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Are Doorbell Cameras Legal in North Carolina?

Riddle Brantley LLP   |  March 26, 2019   |  

It is not uncommon to see videos of porch thieves caught on doorbell cameras. Amazon’s Ring, Google’s Nest Hello, and other doorbell camera products are growing in popularity and make it easier than ever to catch these criminals.  You don’t even have to be home to see who is at your door.  Simply look at the app on your smart phone.

There are many companies that make doorbells that allow video and audio to be recorded when motion is detected near your front door.  It’s easy to install security cameras to watch your home or check on pets while you are away, but privacy may be an overlooked issue.

Are home security cameras legal?

While doorbell camera technology may help you catch a thief, could it also result in you facing criminal charges?

When placing a doorbell camera, it is important not to focus solely on your neighbor’s property.  This may imply you are not just using the camera for your own protection.  When purchasing these cameras, you are agreeing to the company’s terms and services.  You are expected to follow the laws based on where you live.

Privacy Laws in North Carolina - Riddle & Brantley

Doorbell camera laws in North Carolina

So where can you point the doorbell camera?

Remember, general privacy laws apply. Privacy laws state that people should have a reasonable expectation of privacy.  You can’t aim the camera at a neighbor’s bedroom or bathroom, but public roads or places visible from the street are fair game.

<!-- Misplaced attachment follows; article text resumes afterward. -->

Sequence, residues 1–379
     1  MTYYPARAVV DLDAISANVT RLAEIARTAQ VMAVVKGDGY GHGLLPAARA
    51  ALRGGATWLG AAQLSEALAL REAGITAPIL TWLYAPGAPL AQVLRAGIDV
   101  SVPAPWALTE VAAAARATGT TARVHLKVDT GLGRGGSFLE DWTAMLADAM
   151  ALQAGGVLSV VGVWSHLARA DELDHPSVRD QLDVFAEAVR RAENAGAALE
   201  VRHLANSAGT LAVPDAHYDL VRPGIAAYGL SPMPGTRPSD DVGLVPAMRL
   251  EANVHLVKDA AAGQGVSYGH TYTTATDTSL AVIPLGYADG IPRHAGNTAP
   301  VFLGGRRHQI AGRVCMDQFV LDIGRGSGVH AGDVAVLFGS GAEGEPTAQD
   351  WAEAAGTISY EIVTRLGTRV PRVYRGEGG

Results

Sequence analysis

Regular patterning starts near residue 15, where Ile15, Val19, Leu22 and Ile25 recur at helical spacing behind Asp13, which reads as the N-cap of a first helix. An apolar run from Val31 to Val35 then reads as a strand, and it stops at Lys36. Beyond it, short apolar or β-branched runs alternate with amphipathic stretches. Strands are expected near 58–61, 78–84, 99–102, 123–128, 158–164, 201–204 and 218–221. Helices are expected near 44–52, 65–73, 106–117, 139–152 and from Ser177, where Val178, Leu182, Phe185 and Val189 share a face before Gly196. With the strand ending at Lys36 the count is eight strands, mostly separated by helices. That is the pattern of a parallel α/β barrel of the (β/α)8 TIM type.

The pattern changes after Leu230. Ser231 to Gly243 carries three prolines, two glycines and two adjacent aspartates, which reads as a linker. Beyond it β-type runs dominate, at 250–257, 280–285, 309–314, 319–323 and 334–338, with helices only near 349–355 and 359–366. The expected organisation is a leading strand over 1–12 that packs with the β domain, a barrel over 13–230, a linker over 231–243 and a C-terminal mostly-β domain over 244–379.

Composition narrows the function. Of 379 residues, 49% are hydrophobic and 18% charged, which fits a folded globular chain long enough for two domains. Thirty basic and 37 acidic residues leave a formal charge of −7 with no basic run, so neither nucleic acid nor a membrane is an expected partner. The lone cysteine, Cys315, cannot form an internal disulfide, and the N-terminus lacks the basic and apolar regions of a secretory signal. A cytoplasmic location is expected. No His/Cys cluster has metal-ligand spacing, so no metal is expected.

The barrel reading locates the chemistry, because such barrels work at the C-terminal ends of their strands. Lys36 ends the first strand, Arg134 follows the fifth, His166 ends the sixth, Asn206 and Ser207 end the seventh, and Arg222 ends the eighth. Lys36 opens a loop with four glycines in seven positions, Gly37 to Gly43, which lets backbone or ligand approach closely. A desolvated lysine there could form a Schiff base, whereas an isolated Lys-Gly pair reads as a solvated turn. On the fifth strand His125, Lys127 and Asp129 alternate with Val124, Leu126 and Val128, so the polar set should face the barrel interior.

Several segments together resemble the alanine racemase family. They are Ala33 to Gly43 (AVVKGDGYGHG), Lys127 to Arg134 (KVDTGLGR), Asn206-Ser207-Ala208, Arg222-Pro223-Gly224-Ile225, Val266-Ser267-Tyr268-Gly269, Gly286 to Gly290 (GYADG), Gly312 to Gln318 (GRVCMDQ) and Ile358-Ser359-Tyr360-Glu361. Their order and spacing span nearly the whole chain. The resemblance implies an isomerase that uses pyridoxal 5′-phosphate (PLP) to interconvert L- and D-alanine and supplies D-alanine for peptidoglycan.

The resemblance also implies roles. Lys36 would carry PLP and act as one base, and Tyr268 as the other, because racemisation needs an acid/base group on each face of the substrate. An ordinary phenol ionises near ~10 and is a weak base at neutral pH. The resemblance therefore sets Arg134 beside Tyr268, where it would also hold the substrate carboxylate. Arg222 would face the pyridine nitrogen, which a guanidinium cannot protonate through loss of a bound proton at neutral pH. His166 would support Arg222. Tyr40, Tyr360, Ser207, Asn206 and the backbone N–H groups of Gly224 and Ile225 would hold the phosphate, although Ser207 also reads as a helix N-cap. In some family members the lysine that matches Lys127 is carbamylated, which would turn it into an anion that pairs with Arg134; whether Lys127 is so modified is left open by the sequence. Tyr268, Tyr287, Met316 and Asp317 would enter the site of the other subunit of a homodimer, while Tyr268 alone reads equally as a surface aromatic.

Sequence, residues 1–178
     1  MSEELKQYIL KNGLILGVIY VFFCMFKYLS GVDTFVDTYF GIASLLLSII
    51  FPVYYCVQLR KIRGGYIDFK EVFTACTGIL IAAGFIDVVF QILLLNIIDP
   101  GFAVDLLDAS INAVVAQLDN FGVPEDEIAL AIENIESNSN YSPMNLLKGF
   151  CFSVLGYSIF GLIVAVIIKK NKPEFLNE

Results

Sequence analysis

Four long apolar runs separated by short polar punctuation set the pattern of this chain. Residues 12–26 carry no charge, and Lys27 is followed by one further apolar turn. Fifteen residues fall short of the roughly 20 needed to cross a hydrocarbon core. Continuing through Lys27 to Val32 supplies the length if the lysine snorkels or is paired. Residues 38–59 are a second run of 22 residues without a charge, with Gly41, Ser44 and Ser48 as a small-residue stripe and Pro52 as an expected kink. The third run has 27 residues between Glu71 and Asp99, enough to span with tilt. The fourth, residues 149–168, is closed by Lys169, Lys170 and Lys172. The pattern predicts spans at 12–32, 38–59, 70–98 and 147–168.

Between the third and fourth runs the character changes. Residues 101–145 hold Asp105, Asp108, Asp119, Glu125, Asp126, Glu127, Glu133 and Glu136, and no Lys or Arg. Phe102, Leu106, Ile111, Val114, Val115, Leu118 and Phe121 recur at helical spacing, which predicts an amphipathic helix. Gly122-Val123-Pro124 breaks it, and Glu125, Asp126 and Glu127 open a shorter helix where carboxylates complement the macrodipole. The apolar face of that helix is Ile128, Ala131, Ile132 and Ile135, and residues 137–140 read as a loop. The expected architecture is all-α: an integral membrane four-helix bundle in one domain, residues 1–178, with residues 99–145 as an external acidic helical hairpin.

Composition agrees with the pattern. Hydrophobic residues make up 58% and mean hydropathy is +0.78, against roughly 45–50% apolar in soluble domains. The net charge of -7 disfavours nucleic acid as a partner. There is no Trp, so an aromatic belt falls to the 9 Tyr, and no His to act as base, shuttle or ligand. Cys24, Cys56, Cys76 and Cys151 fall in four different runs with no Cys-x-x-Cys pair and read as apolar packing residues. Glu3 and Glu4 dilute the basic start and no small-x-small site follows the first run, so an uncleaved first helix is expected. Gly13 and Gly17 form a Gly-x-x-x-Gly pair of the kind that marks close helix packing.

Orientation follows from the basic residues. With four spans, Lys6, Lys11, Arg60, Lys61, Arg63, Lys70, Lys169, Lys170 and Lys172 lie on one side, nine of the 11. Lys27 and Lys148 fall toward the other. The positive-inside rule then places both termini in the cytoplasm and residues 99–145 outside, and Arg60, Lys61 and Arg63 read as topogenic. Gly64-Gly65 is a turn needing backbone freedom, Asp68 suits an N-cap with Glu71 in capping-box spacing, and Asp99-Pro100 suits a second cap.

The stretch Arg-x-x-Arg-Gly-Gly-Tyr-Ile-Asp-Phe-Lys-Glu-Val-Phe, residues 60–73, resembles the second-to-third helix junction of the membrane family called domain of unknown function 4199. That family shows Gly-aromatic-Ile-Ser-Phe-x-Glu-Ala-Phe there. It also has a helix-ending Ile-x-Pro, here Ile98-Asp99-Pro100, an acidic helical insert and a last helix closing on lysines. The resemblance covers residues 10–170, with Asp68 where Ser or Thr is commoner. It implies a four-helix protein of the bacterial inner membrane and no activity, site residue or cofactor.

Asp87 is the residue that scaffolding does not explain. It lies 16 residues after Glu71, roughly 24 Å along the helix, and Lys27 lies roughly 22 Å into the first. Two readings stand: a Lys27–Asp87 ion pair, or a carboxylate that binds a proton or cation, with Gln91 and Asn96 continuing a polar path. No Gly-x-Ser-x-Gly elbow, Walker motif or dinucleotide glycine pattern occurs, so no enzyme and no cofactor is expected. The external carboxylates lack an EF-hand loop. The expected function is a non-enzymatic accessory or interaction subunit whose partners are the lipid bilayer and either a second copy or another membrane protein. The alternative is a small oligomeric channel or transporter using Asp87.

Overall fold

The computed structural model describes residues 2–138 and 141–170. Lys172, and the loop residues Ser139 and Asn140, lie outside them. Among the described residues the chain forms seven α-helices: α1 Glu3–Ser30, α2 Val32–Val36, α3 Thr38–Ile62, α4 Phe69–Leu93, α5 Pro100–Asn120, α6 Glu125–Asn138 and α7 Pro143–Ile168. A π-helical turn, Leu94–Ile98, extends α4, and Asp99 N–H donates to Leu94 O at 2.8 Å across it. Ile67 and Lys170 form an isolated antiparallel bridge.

And what about audio?

In North Carolina the North Carolina Electronic Surveillance Act is applicable. North Carolina is a one-party consent state, which means it is legal to record another person if both parties are in North Carolina.

The NC Electronic Surveillance Act states you cannot record audio without the consent of at least one person involved in the conversation. This means that if you speak to someone at your door through the app, it is fine to share that recording.

NC Surveillance Laws - Riddle & Brantley

Privacy experts agree that as doorbell camera technology continues to advance, laws will probably change.  It is important to stay up to date on the laws governing what is legal and what is an invasion of privacy when it comes to video and audio doorbell cameras. Remember, all state laws are different.

A way to avoid violation of privacy is to simply post visible signs near the cameras on your property warning people that the area is under video and audio surveillance. These warning signs must be clearly visible.

Do you need a North Carolina invasion of privacy lawyer?

NC Invasion of Privacy Lawyer - Riddle & Brantley

All North Carolinians are protected by privacy laws, and you deserve a reasonable expectation of privacy. If you believe that your right to privacy has been violated by another person, company, or the government, you may be entitled to compensation. Advanced technology like doorbell cameras mean surveillance is more common than ever in North Carolina, but that doesn’t mean you aren’t entitled to privacy. Contact our North Carolina invasion of privacy lawyers today for a free case review. We’ll review your situation and applicable North Carolina and federal laws to determine if you have a case. It’s free, 100% confidential, and there are no attorney fees unless we win your case and recover damages.